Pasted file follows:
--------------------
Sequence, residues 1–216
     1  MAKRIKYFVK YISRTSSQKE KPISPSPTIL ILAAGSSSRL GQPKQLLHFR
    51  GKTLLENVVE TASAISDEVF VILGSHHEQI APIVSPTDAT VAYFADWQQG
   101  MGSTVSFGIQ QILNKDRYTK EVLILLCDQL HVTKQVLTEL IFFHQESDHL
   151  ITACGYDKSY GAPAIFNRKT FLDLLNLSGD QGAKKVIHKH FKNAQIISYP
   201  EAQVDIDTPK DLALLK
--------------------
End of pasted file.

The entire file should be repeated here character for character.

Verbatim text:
Sequence, residues 1–216
     1  MAKRIKYFVK YISRTSSQKE KPISPSPTIL ILAAGSSSRL GQPKQLLHFR
    51  GKTLLENVVE TASAISDEVF VILGSHHEQI APIVSPTDAT VAYFADWQQG
   101  MGSTVSFGIQ QILNKDRYTK EVLILLCDQL HVTKQVLTEL IFFHQESDHL
   151  ITACGYDKSY GAPAIFNRKT FLDLLNLSGD QGAKKVIHKH FKNAQIISYP
   201  EAQVDIDTPK DLALLK